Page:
The government has been working on introducing legislation that will provide clear and concise standards under the Building Standards Act, and these changes could be introduced as early as this year. According to a white paper issued by the MLIT and the Forestry Agency in 2014, CLT production is estimated to reach 50,000 cubic meters in 2016. By 2024, it is hoped that annual production will reach 500,000 cubic meters (Europe produces approximately 700,000 cubic meters annually).
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A contemporary residence designed by famed architect Tadao Ando is currently listed for sale. The 4-bedroom home is located in the trendy Daikanyama neighbourhood and is a 15 minute walk from Shibuya Station.
Pritzker Prize-winning architect Tadao Ando’s designs are notable both in Japan and overseas. Although he has designed a number of houses in the Osaka/Kansai area, there are only a small number of his residences in the Tokyo area. It is very unusual for us to see homes for sale in central Tokyo that have been designed by this caliber of architect, and the opportunity to live in one of Ando’s residences is something afforded to only a small number of people.
The concrete and glass home has a stark and imposing curved exterior finished in Ando’s trademark exposed concrete. The home was designed as part of Ando’s ‘light and shadow’ series of projects carried out in the early 1990s. It was carefully designed and constructed over a three year period between 1991 and 1993.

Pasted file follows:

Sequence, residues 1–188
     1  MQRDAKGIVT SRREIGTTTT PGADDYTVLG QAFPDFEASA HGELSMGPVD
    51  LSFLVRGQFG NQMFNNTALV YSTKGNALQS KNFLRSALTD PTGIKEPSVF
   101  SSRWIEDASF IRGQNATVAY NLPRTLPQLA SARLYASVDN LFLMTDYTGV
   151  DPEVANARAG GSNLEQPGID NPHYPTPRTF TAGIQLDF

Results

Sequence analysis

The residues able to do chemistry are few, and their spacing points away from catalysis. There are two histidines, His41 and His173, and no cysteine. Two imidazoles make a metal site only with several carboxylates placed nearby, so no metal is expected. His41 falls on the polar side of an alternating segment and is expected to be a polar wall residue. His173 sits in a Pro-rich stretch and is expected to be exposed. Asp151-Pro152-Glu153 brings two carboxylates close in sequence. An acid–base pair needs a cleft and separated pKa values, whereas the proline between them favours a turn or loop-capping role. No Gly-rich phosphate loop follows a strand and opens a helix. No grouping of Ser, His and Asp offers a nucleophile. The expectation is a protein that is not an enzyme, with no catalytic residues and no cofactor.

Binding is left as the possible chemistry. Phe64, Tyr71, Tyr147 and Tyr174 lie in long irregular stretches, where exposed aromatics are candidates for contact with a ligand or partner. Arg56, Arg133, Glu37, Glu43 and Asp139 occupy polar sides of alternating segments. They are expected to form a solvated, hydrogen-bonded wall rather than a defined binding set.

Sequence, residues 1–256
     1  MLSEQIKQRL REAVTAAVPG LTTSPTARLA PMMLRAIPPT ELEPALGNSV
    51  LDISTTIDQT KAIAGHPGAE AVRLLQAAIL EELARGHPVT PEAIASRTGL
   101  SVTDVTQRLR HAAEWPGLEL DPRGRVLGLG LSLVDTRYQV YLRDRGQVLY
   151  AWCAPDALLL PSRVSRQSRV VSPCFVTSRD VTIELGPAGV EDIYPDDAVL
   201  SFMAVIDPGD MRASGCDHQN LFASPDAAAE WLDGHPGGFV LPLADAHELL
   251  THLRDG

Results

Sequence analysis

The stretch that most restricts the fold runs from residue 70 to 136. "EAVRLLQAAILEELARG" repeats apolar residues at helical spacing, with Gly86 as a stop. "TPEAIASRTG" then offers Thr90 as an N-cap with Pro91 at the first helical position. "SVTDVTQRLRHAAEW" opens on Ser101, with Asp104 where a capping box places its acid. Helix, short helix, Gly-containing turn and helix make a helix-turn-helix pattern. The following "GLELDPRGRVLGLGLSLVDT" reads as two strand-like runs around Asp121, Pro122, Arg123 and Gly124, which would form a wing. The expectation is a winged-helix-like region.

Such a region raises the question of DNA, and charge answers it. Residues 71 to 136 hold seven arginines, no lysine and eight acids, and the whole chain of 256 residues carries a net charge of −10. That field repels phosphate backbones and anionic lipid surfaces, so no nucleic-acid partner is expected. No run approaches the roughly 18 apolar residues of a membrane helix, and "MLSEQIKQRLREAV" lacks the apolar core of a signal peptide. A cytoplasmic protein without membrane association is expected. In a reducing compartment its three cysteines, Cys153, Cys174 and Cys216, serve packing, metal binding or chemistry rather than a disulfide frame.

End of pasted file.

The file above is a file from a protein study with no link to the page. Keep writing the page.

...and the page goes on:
In April 2014, the Japanese Government approved plans to encourage Zero Net Energy Houses (ZEH) with the goal of making them standard for new house construction by 2020. Zero energy houses are designed to use as much energy as they can create using renewable energy on-site.
The Ministry of Economy, Trade and Industry (METI) has also established an investigative commission to create guidelines and standards for construction.
However, there are some potential challenges. Solar power, for example, is not the most efficient option for all houses across Japan due to weather and environmental differences. Also, for houses on very small blocks of land, installing high capacity solar panels to offset energy consumption may not be physically possible due to the limited size of the site.
For those interested in an architecturally designed property, or something a little older or unusual, we are launching a special section on our site called Unique Spaces.